Memories by Fred Gahimer.
Photo is Carl Gahimer and Mabel Wagoner on their wedding day, August 24, 1929.
Origin of the farm – memories by Fred Gahimer
On August 29, 1832, six months prior to the arrival of Johann Jacob Gegenheimer in America from Germany, Pressley Morris purchased from the U. S. Government the East 1/2 of the Northeast Quarter of Section 21 in Township 13 North of Range 8 East in Union Township, Shelby County, Indiana. This 80 acre plot, bordering the Shelby/Rush County line on its east side, was the forerunner of our farm. At various times the farm was bought and sold in pieces, but with a few minor changes, was reformed close to its original state by our time.
About 1855, the portion of the Madison to Indianapolis Railroad (eventually part of the Pennsylvania Railroad system) was put in between Shelbyville and Rushville, passing through the northwest corner of the farm and the southeast corner of the farm north of ours. The two triangle parcels thus cut off were about 2 1/2 acres each. Eventually, the parcels were sold to the owner of the farm which was then contiguous with each parcel.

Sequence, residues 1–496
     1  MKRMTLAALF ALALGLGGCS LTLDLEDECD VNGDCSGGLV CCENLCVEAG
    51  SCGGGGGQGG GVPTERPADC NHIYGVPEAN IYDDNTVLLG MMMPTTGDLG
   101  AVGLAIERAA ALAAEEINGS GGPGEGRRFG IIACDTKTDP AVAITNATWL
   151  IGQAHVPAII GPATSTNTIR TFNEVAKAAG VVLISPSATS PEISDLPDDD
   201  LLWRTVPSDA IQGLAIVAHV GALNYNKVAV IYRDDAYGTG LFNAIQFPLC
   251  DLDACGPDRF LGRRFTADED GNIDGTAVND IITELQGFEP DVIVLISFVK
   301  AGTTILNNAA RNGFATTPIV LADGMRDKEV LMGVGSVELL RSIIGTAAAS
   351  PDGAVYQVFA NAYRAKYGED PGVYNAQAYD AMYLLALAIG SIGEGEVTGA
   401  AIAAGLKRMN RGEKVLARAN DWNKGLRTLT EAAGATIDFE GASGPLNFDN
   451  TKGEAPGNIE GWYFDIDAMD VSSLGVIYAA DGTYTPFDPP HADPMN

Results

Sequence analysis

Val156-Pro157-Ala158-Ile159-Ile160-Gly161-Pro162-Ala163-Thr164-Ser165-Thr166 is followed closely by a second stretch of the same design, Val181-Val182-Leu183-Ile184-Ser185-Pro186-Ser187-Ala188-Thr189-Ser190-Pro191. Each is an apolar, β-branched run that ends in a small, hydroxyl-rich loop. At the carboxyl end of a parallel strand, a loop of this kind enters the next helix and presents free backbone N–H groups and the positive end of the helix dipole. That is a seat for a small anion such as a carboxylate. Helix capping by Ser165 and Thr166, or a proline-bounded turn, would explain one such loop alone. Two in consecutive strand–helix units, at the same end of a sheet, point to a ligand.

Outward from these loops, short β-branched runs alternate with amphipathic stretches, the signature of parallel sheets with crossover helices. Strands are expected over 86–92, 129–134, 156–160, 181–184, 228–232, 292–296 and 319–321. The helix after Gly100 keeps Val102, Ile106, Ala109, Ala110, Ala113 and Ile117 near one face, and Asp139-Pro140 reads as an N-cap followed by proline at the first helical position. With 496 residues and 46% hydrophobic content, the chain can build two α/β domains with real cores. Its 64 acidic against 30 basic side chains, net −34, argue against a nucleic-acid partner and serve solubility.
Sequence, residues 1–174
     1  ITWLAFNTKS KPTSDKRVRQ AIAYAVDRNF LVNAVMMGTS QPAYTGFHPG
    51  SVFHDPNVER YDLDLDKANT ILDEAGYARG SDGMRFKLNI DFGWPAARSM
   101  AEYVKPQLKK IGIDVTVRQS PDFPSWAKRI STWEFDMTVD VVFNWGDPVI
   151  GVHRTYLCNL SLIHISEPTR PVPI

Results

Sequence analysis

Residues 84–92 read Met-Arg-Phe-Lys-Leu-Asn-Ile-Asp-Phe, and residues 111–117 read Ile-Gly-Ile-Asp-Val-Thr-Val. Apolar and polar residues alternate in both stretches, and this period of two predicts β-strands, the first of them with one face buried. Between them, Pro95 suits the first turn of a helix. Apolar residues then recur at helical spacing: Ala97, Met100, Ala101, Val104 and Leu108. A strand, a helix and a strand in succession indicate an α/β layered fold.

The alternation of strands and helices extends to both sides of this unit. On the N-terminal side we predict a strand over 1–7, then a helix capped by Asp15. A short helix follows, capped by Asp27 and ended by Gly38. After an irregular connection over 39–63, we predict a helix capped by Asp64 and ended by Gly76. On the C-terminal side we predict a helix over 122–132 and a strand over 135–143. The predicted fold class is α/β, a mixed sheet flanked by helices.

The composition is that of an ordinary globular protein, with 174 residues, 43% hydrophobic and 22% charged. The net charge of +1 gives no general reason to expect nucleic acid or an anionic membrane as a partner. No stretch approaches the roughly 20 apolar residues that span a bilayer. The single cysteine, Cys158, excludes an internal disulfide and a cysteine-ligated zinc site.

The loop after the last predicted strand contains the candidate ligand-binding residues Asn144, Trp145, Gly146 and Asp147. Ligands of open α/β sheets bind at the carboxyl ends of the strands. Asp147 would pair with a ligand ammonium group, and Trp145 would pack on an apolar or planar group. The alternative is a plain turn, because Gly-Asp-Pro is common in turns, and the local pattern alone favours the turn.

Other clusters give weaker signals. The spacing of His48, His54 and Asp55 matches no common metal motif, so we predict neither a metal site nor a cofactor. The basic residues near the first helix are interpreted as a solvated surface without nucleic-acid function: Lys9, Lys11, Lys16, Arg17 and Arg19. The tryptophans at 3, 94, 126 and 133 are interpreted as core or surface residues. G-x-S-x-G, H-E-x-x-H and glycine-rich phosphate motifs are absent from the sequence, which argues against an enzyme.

It was common practice back then that a farmer would provide each of his children with a farm when he died. In 1927, Grandpa Gahimer bought the farm for Dad (Carl Gahimer) to inherit upon Grandpa’s death. It was one of two farms owned by my grandfather Conrad “Coony” Gahimer. Grandpa lived on the other farm, about a mile away by road, with his other child, Edna, and her husband, Leonard Evans, and her son, Richard (Dick).
Life on the farm – memories by Fred Gahimer
My parents, to put it concisely, were the proverbial salt of the earth. Hard working, honest, religious, and although they never completed high school, they had a natural intelligence and good common sense. And they put great value on education.
I was born in 1933 in the big old 1840 two-story house on land inherited by my father on the eastern edge of Shelby County, Indiana. I was the third child of Carl and Mabel Gahimer. My eldest sister Anna was born 3 years before me, followed by my older sister Martha, born a year and a half before me.